MLF l Marie-Laure Fleisch is pleased to announce the exhibition BEAUTIFUL WRECK, a duo show with Norwegian artist Are Blytt and German artist Dirk Stewen. This is not only the first occasion the artists have had to exhibit together, but also the first time they are each showing in Brussels. Both using photographic, text-based, and abstract materials, Blytt and Stewen are keen observers of the world around them, presenting their findings to the viewer without judgement, preferring to create an opening to the world outside of the gallery. These two artists bring our attention to certain aspects of humanity, such as desires, flaws or quirks. Working primarily with paper, in the case of Dirk Stewen, or with painted canvas, in the case of Are Blytt, neither artist limits himself to traditional methods, addressing their support with a mixed media approach which creates delicate and poetic relationships and tensions between the various elements.
This exhibition was born from Blytt’s recent residency at WIELS in 2018. Intrigued by his studio practice and also by his recent curatorial ventures, the gallery invited Blytt to show at the gallery alongside an artist of his choosing. While the two artists had never met, their similar preoccupations create a coherence between the two bodies of work, while remaining each distinct and unique. Alongside Blytt’s newest series of works, which is considerably darker in palette than his past works and is strongly inspired by his time in Brussels, Stewen is showing two works from his newest series, as well as two works from his archives.
With a background in analog photography, Stewen explores every aspect of the medium, including the paper, the various ways of manipulating an image and the possible destinations and significations the photograph may have. After a series of works in which Stewen exposed photographic paper to the light, thus rendering it useless and covering the sheets entirely with black ink, the artist’s newest series of pieces incorporates ink in a new manner. Employing a similar technique as with his watercolours, the artist uses swaths of ink mixed with water to create guided aleatory patterns, who’s pillowy or even crystal-like textures serve as a backdrop for a collage of images. These images, all taken by the artist himself, are layered, converted to negative, and cut out, creating a dialogue between the background and the foreground. This procedure is also adopted for the 2012 work Untitled, in which an image, confetti, and circular forms created with watercolour are superposed to create an impression which is at the same time rococo, psychedelic, and nostalgic. Another form of nostalgia is also employed in the work The Road, for which Stewen uses the paper and text from an original artbook published by Skira, which references a work by Pissarro. However, in lieu of the original image, Stewen has placed his own photography, creating an attention to both the style of the language and the ambiguity of what it can convey.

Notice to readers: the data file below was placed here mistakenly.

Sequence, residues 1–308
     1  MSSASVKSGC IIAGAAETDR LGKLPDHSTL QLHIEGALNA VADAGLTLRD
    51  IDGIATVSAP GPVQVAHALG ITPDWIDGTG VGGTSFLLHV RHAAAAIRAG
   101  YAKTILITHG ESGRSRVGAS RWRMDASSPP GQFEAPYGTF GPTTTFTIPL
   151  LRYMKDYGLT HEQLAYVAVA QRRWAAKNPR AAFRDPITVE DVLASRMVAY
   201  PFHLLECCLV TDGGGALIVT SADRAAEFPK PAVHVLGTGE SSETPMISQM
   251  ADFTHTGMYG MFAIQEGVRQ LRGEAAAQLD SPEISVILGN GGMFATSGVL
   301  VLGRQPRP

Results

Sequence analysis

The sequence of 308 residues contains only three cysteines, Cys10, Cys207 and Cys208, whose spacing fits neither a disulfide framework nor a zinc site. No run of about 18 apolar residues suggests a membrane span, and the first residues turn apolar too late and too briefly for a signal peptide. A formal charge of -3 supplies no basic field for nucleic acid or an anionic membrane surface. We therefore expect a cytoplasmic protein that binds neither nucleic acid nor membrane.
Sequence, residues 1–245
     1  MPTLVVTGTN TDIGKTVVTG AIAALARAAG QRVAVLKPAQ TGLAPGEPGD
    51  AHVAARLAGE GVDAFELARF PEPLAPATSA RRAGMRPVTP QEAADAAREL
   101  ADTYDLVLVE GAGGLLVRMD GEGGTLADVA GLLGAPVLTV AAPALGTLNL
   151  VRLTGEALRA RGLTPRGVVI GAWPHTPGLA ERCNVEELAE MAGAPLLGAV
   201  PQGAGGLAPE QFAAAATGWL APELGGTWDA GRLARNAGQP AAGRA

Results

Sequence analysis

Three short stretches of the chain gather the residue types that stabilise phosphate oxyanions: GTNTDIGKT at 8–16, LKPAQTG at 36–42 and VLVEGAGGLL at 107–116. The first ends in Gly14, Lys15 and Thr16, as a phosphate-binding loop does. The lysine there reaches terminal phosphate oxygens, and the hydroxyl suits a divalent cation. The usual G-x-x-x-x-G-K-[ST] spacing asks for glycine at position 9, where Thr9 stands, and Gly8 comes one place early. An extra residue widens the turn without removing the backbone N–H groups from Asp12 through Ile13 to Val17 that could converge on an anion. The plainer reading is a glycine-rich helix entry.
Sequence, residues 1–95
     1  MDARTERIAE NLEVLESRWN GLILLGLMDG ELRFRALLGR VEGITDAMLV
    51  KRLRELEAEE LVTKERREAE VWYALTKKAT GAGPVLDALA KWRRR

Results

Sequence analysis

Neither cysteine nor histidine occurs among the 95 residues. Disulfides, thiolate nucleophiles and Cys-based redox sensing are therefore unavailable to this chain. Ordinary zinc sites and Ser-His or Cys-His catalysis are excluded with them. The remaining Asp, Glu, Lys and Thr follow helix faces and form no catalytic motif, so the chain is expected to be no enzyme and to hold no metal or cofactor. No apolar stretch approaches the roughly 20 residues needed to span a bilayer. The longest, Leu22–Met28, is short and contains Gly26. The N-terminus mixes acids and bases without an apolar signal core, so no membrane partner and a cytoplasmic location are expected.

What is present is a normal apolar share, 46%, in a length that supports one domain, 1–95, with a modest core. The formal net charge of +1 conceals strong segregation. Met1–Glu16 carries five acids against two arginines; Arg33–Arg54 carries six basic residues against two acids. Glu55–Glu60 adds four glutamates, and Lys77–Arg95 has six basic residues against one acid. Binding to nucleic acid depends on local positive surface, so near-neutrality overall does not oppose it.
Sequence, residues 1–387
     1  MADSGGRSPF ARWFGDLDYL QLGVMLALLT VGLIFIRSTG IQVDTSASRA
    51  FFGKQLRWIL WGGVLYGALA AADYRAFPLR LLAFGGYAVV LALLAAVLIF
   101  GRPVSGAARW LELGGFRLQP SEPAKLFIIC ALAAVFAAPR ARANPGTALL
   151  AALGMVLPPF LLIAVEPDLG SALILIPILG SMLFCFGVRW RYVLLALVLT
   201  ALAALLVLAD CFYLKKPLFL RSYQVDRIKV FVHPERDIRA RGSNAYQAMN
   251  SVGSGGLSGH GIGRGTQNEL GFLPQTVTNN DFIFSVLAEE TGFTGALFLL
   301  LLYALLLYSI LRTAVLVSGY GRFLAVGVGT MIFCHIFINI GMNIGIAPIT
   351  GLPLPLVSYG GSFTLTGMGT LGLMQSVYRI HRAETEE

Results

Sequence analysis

Stewen’s strong background in photography is doubtlessly one of the reasons why his work appeals to Blytt, who is increasingly interested in the incorporation of the photographic image in abstract painting. Having juxtaposed painted canvases with phrases, images and objects for the large part of his career, Blytt has begun systematically integrating his own photographs. These photographs, as well as the texts, attest to our present-day climate, both political and philosophical, touching on issues such as finance, the environment, self-image and the more complex or unmentioned aspects of life. Often leaving his works unstretched, his canvases billow into the space of the spectator, while others conform to the traditional painterly vocabulary of a clean, rectangular form. Images such as a prehistoric sculpture of Venus or hands filled with roses are screen-printed to the background, while texts such as Sensitive Health and Beautiful Wreck are carefully painted and printed onto the abstract layers underneath, giving the impression of an A4 paper which has been simply stuck to the canvas. This co-existence of abstraction and conceptualism anchor painterly issues in our present day; the words or photographs are presented to us by the artist, permitting us to reflect upon the age we live in and how we personally feel about the given situation.